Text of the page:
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Do PG&E, Edison need higher profits? It's time for California to decide

Sammy Roth, Los Angeles Times on

Published in News & Features

LOS ANGELES -- California's monopoly electric utilities asked state officials to sign off on higher profits earlier this year, saying larger shareholder returns were needed to attract investors who might be scared off by the wildfire liabilities that prompted Pacific Gas & Electric to file for bankruptcy.

Now regulators are poised to reject those pleas.

In a proposal issued last week, staff at the California Public Utilities Commission called for keeping profit margins the same for PG&E, Southern California Edison and San Diego Gas & Electric. Commission staff noted that lawmakers "substantially mitigated wildfire liability exposure" when they passed Assembly Bill 1054, which could give utility companies access to billions of dollars to help pay for damage from fires ignited by their equipment.

"There are no remaining significant unmitigated risks that warrant investor compensation" through a higher return on equity, commission staff wrote.

The proposed decision also calls for profit margins to remain the same at Southern California Gas, which like SDG&E is a subsidiary of San Diego-based Sempra Energy. The five-member Public Utilities Commission could vote on the staff proposal as soon as Dec. 19.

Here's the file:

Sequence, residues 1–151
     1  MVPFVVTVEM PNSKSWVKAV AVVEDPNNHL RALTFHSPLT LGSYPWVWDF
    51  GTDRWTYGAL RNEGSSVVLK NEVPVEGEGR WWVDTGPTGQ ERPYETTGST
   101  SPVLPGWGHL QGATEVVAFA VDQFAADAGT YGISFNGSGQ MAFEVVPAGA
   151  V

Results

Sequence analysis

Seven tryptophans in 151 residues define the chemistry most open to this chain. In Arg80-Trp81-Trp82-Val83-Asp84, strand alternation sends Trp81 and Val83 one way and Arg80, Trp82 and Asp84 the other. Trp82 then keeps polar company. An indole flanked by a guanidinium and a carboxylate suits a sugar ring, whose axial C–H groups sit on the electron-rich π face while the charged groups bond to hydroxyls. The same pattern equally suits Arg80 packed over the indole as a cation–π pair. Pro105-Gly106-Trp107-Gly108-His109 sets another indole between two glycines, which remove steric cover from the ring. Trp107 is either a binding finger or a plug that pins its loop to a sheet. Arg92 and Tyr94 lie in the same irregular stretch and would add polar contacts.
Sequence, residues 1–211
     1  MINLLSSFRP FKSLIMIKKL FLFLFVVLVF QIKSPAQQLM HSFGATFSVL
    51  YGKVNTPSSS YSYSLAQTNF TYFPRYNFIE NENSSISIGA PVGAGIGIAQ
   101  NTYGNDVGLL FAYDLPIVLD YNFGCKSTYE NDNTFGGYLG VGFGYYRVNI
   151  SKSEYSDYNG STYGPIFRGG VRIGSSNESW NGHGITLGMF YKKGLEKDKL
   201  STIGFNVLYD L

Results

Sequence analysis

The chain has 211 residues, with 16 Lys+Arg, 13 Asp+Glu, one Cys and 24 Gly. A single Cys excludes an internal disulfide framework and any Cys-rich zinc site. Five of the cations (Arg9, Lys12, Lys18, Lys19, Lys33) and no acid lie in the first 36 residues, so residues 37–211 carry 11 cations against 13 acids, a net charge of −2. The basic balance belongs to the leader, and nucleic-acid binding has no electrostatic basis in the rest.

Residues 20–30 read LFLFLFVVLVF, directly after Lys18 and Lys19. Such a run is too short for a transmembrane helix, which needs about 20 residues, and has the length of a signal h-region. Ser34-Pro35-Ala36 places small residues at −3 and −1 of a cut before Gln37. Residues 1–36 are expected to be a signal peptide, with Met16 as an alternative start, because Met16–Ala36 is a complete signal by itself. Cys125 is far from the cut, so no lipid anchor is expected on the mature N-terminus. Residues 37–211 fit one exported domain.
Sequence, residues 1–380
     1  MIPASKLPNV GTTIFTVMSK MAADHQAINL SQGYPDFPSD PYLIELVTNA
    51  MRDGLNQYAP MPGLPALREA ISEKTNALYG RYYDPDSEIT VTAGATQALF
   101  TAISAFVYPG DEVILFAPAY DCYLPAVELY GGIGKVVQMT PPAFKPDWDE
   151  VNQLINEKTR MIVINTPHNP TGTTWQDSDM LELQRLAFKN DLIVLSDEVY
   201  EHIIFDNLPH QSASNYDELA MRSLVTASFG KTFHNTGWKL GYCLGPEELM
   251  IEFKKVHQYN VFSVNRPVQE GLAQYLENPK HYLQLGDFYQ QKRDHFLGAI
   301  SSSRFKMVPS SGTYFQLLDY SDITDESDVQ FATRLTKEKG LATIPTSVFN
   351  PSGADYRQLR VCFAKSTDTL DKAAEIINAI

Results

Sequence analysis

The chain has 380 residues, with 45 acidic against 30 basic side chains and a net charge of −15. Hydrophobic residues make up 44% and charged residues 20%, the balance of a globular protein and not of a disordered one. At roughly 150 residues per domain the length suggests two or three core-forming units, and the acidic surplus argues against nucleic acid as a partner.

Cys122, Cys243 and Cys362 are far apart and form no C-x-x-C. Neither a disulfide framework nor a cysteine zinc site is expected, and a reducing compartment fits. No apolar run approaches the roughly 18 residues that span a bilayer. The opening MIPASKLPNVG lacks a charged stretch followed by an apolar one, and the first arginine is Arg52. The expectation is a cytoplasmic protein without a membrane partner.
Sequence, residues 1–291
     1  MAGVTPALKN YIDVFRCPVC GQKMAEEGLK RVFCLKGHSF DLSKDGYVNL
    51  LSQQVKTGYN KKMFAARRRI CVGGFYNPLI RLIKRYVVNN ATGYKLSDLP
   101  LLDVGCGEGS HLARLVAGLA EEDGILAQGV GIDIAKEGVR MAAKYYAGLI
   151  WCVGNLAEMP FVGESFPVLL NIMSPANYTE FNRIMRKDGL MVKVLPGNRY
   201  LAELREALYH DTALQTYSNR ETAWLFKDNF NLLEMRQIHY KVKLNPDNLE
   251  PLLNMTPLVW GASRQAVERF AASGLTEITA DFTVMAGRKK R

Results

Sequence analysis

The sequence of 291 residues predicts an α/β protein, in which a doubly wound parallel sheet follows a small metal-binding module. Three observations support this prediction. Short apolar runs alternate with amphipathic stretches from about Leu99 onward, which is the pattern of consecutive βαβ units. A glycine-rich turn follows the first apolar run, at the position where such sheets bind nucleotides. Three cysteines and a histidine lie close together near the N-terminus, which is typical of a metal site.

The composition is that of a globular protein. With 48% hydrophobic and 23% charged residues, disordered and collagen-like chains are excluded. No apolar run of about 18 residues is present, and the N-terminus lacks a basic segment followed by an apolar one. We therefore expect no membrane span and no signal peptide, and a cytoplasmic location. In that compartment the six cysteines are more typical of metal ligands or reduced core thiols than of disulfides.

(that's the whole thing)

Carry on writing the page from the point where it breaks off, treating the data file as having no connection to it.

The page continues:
The commission is supposed to allow shareholder returns no higher than is necessary to attract investment so that utilities have enough money to pay for infrastructure projects, safety upgrades and the growing amounts of climate-friendly energy required by state law.


Ratepayer advocates say California's investor-owned utilities would do fine making less money.

The Edison Electric Institute, an industry trade group, recently reported that in 2018, utility regulators nationwide approved average returns on equity of 9.51%, "the lowest annual average in our 30 years of data." The industry group attributed the decline in approved profit levels to a "long-term decline in interest rates since the early 1980s."

In California, profit margins would stay level at 10.3% for Southern California Edison, 10.25% for PG&E, 10.2% for SDG&E and 10.05% for SoCalGas under the proposal from state regulators.

That means for every dollar the utilities spend building electric or gas infrastructure, they'd be allowed to charge customers an additional 10 cents or so in profits for their shareholders.


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